There are several methods to achieve what you want, and I'll try to show some of them.
Please note that some of the methods (if not all) involve working with email client software, but the decision which one to use is temporary, because you can later re-import the data or work with the data with any other email software I know about, or even without email clients at all.
In the following example, I use Thunderbird as IMAP and POP3 client because I know it better than Outlook and its colleagues.
Having said this:
1) Transfer to your own IMAP server
This is my favorite for such cases. I don't want my provider to keep messages anyway ...
So you could set up your own IMAP server. Depending on your needs, that could require knowledge (for example, setting up my favorite Cyrus Imapd under Linux) or could be very easy (for example, setting up hMailServer under Windows, which I also have running very reliably at one of my clients with 100 GB of messages, several hundreds of nested folders and more than 100.000 messages).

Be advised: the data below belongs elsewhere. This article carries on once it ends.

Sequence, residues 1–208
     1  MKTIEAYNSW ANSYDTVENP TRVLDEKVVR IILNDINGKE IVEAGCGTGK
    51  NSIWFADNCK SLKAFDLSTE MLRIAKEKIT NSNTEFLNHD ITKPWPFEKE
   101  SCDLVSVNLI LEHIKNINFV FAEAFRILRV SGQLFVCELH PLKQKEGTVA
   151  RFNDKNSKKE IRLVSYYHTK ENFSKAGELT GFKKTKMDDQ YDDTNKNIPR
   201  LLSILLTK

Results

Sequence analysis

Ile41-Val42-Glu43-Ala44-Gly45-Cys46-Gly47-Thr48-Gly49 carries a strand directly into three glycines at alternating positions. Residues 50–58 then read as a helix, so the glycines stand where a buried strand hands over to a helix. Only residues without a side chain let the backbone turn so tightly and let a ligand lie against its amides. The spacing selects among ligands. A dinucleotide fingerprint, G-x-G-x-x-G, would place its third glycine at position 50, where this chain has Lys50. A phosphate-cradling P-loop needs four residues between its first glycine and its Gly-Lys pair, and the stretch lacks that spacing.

Then connect Thunderbird to your current server and to the new one which you just have set up, and simply copy all folders and messages from the old one to the new one. This can be a bit tedious, because Thunderbird sometimes refuses copying folder structures between different name spaces / servers, but if you don't have a lot of nested folders, it is the easiest method.
If you have a lot of nested folders, you might want to use Outlook for that part of the work. I have used it in former times, and as far as I can remember, it has no problems with recursively copying large folder structures. [Off-Topic: This is the one key point where Outlook is far superior than Thunderbird, but I'll stick with Thunderbird due to its other advantages].
If you don't want to use an email client, there are specialized scripts or command line tools out there; have a look for
imapsync, for example. But be warned: They are much more difficult to use than common email clients.
When you have done this, you have copied all IMAP messages onto your own IMAP server which is completely under your own control, and you can connect with every email client software which is capable of IMAP to that server and work with your old messages.
2) Transfer into the "Local Folders" of Thunderbird
If you have ever used Thunderbird, you may have noticed that there is a section called "Local folders" in the account list. The folder structure and messages which are contained there are usually backed by files in the so-called